January 26, 2012

EIA Annual Energy Outlook 2012

The Energy Information Administration has issued its annual energy projections.


Domestic crude oil production is expected to grow by more than 20 percent over the coming decade: Domestic crude oil production increased from 5.1 million barrels per day in 2007 to 5.5 million barrels per day in 2010. Over the next 10 years, continued development of tight oil combined with the development of offshore Gulf of Mexico resources are projected to push domestic crude oil production to 6.7 million barrels per day in 2020, a level not seen since 1994.

With modest economic growth, increased efficiency, growing domestic production, and continued adoption of nonpetroleum liquids, net petroleum imports make up a smaller share of total liquids consumption: U.S. dependence on imported petroleum liquids declines in the AEO2012 Reference case, primarily as a result of growth in domestic oil production of over 1 million barrels per day by 2020, an increase in biofuel use of over 1 million barrels per day crude oil equivalent by 2024, and modest growth in transportation sector demand through 2035. Net petroleum imports as a share of total U.S. liquid fuels consumed drop from 49 percent in 2010 to 38 percent in 2020 and 36 percent in 2035 in AEO2012.

U.S. production of natural gas is expected to exceed consumption early in the next decade: The United States is projected to become a net exporter of liquefied natural gas (LNG) in 2016, a net pipeline exporter in 2025, and an overall net exporter of natural gas in 2021. The outlook reflects increased use of LNG in markets outside of North America, strong domestic natural gas production, reduced pipeline imports and increased pipeline exports, and relatively low natural gas prices in the United States compared to other global markets.

Use of renewable fuels and natural gas for electric power generation rises: The natural gas share of electric power generation increases from 24 percent in 2010 to 27 percent in 2035, and the renewables share grows from 10 percent to 16 percent over the same period. In recent years, the U.S. electric power sector's historical reliance on coal-fired power plants has begun to decline. Over the next 25 years, the projected coal share of overall electricity generation falls to 39 percent, well below the 49-percent share seen as recently as 2007, because of slow growth in electricity demand, continued competition from natural gas and renewable plants, and the need to comply with new environmental regulations.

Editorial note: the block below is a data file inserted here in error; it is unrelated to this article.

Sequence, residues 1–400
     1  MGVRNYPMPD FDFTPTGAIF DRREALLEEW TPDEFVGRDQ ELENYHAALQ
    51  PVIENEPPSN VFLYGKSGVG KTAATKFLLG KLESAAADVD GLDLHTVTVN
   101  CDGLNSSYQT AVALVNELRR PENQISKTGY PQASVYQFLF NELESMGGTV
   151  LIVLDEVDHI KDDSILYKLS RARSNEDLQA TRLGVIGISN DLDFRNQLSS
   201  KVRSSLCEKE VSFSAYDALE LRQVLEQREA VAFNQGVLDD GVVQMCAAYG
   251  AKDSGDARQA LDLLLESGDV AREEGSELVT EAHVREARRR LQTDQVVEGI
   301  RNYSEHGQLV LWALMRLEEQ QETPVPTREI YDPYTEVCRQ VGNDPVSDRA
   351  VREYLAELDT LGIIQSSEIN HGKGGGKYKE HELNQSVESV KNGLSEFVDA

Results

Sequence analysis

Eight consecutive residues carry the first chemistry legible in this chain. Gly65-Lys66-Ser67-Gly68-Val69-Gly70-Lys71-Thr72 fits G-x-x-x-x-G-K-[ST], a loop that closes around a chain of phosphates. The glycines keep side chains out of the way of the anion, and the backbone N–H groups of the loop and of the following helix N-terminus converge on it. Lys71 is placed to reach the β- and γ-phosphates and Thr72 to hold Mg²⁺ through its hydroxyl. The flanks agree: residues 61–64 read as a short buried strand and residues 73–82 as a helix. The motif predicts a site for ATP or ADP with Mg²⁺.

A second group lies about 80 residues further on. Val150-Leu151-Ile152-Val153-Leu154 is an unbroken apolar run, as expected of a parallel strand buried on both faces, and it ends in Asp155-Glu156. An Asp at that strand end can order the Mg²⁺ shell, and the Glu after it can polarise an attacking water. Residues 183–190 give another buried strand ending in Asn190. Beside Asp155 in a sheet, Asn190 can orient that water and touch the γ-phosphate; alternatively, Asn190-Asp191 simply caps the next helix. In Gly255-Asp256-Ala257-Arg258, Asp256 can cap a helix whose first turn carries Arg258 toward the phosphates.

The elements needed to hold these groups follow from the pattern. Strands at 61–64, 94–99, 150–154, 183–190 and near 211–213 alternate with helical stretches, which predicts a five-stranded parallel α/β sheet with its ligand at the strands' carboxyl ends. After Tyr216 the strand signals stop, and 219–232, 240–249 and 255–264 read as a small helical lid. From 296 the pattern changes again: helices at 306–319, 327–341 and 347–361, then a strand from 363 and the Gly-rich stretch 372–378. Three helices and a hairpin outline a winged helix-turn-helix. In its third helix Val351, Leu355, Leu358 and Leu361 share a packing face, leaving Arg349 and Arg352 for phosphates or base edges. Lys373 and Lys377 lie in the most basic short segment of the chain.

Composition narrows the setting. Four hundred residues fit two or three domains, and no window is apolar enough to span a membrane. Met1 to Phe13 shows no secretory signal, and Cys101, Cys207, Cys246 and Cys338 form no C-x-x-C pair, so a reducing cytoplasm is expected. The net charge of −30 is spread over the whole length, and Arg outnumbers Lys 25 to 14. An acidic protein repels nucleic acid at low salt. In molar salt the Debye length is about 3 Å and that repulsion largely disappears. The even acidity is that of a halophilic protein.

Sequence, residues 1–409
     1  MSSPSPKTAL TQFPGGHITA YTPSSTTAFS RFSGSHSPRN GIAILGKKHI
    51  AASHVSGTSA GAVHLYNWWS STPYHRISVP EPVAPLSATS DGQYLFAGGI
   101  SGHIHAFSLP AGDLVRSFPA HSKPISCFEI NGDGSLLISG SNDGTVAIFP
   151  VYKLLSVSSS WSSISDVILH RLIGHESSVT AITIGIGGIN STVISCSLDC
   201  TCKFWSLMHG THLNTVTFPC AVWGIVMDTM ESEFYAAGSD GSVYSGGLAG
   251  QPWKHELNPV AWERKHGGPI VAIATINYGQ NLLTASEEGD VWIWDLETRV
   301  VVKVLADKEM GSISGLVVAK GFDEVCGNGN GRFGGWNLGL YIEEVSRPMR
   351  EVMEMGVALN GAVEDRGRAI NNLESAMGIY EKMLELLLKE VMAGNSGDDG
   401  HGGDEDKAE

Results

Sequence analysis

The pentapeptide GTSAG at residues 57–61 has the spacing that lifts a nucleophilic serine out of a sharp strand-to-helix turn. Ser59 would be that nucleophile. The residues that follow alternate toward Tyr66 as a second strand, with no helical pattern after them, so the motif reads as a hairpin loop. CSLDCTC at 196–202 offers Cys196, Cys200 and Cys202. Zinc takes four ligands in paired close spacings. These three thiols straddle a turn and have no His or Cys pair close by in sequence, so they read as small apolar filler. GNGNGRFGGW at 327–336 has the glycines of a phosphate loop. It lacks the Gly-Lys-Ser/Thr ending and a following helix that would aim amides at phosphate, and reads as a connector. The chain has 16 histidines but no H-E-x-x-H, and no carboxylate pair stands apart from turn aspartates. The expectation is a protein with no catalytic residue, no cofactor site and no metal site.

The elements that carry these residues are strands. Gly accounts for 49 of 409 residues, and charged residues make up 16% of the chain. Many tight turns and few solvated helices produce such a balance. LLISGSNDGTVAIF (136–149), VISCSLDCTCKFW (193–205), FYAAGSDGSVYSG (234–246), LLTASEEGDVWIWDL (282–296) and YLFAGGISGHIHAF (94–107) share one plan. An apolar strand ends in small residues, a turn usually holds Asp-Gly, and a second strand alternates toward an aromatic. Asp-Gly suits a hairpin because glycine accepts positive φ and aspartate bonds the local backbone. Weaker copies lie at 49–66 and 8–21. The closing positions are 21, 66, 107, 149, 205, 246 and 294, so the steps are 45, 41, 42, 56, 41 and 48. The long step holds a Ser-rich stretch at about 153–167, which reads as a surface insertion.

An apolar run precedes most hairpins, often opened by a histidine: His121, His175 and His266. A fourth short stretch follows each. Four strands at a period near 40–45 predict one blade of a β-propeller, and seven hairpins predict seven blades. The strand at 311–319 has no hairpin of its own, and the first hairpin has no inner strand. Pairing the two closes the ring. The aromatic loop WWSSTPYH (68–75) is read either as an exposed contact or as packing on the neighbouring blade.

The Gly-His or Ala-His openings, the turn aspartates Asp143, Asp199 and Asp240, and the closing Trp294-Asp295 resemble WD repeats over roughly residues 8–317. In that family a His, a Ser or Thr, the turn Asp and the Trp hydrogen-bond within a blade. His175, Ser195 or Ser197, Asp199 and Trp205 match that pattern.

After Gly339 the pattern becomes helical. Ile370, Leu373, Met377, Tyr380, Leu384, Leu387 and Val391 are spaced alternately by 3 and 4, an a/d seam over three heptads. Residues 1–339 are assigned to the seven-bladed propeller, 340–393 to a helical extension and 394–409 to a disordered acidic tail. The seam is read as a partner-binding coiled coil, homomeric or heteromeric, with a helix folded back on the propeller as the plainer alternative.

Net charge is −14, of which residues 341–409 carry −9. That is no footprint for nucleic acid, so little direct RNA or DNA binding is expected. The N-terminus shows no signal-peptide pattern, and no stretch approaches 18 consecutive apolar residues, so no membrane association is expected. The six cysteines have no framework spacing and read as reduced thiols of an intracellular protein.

Total U.S. energy-related carbon dioxide (CO2) emissions remain below their 2005 level through 2035: Energy-related CO2 emissions grow by 3 percent from 2010 to 2035, reaching 5,806 million metric tons in 2035. They are more than 7 percent below their 2005 level in 2020 and do not return to the 2005 level of 5,996 million metric tons by the end of the projection period. Emissions per capita fall by an average of 1 percent per year from 2005 to 2035, as growth in demand for transportation fuels is moderated by higher energy prices and Federal fuel economy standards. Proposed fuel economy standards covering model years 2017 through 2025 that are not included in the Reference case would further reduce projected energy use and emissions. Electricity-related emissions are tempered by appliance and lighting efficiency standards, State renewable portfolio standard requirements, competitive natural gas prices that dampen coal use by electric generators, and implementation of the Cross-State Air Pollution Rule.


January 25, 2012

Gas Price Drop In the News

Natural Gas Glut.jpg

Natural gas prices are much in the news. Prices have fallen precipitously in the past few weeks. Natural gas futures have fallen 35% in the past year. Warm weather this winter has created a gas glut. In his state of the union address, President Obama said the US now has 100 years of natural gas supply and touted gas as the energy future. Analysts are predicting that prices will continue to fall. Predictions are that natural gas storage capacity will be tested this year.




Fallout from lower gas prices:

Exploration companies are moving to oil plays and drilling only those gas wells necessary to hold acreage. In many plays, such as the liquids-rich portion of the Eagle Ford, lots of gas is being flared in order to get the liquids to market. That gas will eventually go on line, further increasing supply. Producers in some areas can give the gas away and still make money on the liquids. In the Barnett Shale, gas production continues to increase despite the decline in drilling rigs. Barnett shale production set an all-time high of 5.9 Bcf/day in October 2011, with 2/3rds less drilling activity.


Chesapeake, the nation's second-largest gas producer, recently announced that it is shutting in as much as one Bcf/d of its production - about 16% of its total -- until prices improve.


Most analysts are revising their price predictions down. But Anadarko predicts that natural gas prices will rise as soon as drilling slows.


Electricity prices are falling - good for consumers, not so good for power producers. Prices of fertilizer and plastics are also falling. More electric power plants are switching from coal to gas, and coal plants on the drawing board are being reconsidered. Over the past decade, electricity from gas-fired plants has increased by 50 percent, while coal-fired electric generation has declined. Gas-fired power plants are cheaper to build and easier to get permitted. They are also easier to turn on and off, as electricity demand fluctuates. The power industry is beginning to have some confidence in the domestic gas supply. Export of excess supplies of U.S. natural gas are being discussed and planned.